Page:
MP Content

Unit Monitor

Unit Monitor naming

The ID of a unit monitor depends on what type of unit monitor it is. There is a general convention used for most unit monitors and a number of more specific depending on type, to make the ID/Display name clearer.

Monitor ID

The Unit Monitor Id is made up of the following parts.

Application MPID
The different parts are separated with dots.

Part Description
MPID This is the management pack ID. This must be included to make the monitor ID unique in the management group. To learn more about MPID, see Management pack naming
Description This is a description of the monitor. How to format this differs between the monitor types. See table below.
Monitor Type This is a description of the unit monitor type. See table below.
Suffix This should be UnitMonitor.


The following table describes the different monitor types and suggestions of descriptions.

Type of monitor Monitor Description Monitor Type
Windows Service Monitor Use the name of monitored service. Remove all white spaces and special characters, only letters and numbers. WindowsService
Eventlog Monitor The description should give a hint on what kind of events that are being monitored. If it's a single event id then include the event log and event id in the description. Eventlog
Windows Process Monitor The process name without the file extension should be used. WindowsProcess
Windows Script Monitor Short description on what the script does. Or the script name if that's clear enough to understand what the script does. Script
Windows Performance Monitor Use the name of the counter or a short description of the counter. WindowsPerformance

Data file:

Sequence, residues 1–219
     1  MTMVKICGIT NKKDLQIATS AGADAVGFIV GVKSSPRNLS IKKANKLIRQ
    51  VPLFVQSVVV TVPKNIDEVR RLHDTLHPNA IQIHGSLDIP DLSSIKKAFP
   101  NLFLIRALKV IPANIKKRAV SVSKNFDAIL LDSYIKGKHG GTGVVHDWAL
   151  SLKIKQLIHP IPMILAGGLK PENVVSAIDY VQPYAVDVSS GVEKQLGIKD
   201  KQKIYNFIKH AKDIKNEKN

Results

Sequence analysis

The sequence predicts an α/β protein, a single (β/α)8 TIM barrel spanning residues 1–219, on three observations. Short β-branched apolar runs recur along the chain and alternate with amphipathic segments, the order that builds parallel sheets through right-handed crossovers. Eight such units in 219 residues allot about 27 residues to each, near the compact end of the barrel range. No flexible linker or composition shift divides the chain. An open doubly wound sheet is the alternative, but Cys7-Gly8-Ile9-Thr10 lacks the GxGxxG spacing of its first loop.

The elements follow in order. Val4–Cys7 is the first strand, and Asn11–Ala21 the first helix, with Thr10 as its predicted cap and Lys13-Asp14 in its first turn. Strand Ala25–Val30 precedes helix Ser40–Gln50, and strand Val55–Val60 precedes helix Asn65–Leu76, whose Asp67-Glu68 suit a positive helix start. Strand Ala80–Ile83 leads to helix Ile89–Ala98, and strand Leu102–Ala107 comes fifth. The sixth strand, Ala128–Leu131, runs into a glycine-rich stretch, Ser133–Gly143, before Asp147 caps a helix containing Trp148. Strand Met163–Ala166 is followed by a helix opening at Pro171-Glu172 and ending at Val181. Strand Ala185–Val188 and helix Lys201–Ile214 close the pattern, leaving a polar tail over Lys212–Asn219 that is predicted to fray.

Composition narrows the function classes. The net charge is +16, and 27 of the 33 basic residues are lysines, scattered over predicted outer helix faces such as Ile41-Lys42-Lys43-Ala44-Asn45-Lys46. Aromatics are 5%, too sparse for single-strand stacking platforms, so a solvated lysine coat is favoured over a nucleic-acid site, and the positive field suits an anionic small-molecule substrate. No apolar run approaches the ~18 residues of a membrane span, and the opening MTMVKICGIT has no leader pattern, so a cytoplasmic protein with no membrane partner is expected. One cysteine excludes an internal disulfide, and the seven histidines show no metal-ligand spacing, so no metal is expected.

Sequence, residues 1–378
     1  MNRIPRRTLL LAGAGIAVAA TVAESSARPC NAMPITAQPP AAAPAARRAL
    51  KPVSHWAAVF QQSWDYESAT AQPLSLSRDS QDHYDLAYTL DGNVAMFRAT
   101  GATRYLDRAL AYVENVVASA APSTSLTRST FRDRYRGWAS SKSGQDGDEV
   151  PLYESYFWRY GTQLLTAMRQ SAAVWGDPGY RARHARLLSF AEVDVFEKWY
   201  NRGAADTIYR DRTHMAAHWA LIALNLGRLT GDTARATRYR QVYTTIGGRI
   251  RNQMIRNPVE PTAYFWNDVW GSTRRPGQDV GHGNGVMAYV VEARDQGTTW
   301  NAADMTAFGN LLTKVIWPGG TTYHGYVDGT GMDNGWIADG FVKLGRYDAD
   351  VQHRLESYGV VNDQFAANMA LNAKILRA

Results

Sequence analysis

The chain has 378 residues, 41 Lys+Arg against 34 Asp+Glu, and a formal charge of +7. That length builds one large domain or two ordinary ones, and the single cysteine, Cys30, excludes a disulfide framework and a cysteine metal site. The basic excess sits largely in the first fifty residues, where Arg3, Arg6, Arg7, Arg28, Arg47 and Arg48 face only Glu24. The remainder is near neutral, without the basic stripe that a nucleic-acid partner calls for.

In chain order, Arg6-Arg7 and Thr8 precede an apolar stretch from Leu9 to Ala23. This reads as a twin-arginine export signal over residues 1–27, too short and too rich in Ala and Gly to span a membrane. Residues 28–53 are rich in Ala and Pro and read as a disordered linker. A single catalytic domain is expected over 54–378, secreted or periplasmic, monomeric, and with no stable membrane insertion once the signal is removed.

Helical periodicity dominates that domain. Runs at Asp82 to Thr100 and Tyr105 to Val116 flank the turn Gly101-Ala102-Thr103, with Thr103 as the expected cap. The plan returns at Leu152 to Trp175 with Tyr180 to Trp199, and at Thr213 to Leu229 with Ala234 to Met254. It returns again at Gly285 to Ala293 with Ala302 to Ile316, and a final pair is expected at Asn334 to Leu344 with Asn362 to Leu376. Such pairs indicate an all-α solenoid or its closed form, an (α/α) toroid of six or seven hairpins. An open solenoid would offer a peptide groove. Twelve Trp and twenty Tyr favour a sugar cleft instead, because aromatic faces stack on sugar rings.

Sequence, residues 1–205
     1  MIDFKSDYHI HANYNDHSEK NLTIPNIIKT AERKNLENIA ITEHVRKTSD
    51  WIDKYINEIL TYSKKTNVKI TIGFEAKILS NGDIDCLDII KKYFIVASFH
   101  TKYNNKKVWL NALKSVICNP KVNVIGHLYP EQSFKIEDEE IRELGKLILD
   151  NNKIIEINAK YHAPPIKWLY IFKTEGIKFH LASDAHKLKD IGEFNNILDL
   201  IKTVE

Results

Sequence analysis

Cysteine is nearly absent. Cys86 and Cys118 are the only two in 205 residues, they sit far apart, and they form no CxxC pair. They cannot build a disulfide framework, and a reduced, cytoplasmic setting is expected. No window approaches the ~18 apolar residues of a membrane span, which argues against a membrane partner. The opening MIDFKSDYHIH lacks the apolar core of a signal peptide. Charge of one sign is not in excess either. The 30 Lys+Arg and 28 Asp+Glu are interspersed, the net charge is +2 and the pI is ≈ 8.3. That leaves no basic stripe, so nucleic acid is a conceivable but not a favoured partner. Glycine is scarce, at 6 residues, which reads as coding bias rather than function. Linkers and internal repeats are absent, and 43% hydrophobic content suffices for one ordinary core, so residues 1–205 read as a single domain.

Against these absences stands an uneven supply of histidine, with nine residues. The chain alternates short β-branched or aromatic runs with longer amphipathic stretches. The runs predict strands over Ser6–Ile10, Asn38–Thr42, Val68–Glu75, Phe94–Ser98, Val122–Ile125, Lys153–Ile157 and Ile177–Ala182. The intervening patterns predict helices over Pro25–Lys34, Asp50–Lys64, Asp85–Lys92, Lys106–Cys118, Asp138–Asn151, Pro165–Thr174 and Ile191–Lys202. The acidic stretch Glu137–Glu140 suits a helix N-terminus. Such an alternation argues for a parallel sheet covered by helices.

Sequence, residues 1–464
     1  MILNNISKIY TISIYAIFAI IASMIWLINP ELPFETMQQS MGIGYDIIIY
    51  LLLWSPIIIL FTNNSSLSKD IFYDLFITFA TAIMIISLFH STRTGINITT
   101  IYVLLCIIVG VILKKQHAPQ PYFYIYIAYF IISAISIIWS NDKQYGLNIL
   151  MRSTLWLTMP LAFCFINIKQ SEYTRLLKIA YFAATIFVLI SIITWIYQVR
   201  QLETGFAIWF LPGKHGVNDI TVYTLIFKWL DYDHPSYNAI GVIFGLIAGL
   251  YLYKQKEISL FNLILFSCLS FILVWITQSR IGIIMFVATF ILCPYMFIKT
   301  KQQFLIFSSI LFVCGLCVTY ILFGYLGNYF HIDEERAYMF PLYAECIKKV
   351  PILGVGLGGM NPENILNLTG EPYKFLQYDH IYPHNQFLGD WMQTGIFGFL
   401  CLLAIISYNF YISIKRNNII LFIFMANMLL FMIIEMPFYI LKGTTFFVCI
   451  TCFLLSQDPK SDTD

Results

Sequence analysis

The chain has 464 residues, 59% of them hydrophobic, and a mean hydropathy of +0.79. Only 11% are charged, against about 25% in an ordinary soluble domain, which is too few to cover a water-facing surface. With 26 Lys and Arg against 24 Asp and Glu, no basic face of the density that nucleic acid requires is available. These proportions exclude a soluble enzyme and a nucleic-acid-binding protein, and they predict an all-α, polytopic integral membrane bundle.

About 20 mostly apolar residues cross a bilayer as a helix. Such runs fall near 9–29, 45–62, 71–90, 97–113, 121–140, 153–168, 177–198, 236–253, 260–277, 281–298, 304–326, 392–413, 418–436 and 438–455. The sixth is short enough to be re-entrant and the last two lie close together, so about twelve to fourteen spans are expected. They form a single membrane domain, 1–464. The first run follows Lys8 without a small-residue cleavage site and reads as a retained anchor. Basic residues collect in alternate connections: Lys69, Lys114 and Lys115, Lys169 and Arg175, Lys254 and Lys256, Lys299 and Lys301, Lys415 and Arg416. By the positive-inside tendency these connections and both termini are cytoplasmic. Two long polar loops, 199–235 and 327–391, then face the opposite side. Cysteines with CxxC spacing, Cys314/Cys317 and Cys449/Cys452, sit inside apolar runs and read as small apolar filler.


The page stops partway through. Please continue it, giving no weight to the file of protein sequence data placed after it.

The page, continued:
SNMP Probe Use the name or a description of the counter being sampled. SNMPProbe


Using the table above we get the following examples:

Monitor Type Monitor Information Monitor ID (MPID left out)
Windows Service.UnitMonitor Name: Spooler MPID.Spooler.WindowsService.UnitMonitor
Eventlog Log: Application
EventID: 155, 156, 167
MPID.SyncFailure.Eventlog.UnitMonitor
Eventlog Log: Application
EventID: 1432
MPID.ApplicationEventID1432.Eventlog.UnitMonitor
Windows Process Process name: ulisa.exe MPID.ulisa.WindowsProcess.UnitMonitor
Windows Process Process name: notepad.exe MPID.notepad.WindowsProcess.UnitMonitor
Script Script name: ConnectionTestAppServer.ps1 MPID.ConnectionTestAppServer.Script.UnitMonitor
Script Script name: CheckOutputFiles.ps1 MPID.CheckOutputFiles.Script.UnitMonitor
SNMP Probe Counter name: Temperature MPID.Temperature.SNMPProbe.UnitMonitor


Display name

The monitor display name is harder to set any fixed rules for. The display name is what is shown in the Health Explorer in the Operations Console and must be clear enought so that the operator knows what's being monitored.

Based on the examples above the following display names coud be used.

Monitor ID (MPID left out) Display Name
MPID.Spooler.WindowsService.UnitMonitor Spooler Service
MPID.SyncFailure.Eventlog.UnitMonitor Synchroniation Failure
MPID.ApplicationEventID1432.Eventlog.UnitMonitor Application, EventID 1432

This is not a very good display name. A name like this makes it hard for the operators to know what went wrong. Try to come up with a more descriptive name. For example: Connection Failure.
MPID.ulisa.WindowsProcess.UnitMonitor Ulisa process
MPID.notepad.WindowsProcess.UnitMonitor Notepad Process
MPID.ConnectionTestAppServer.Script.UnitMonitor Connection Test
MPID.CheckOutputFiles.Script.UnitMonitor Output files
MPID.Temperature.SNMPProbe.UnitMonitor Temperature

Version: 1.0
Created: 2016-05-23, 08:00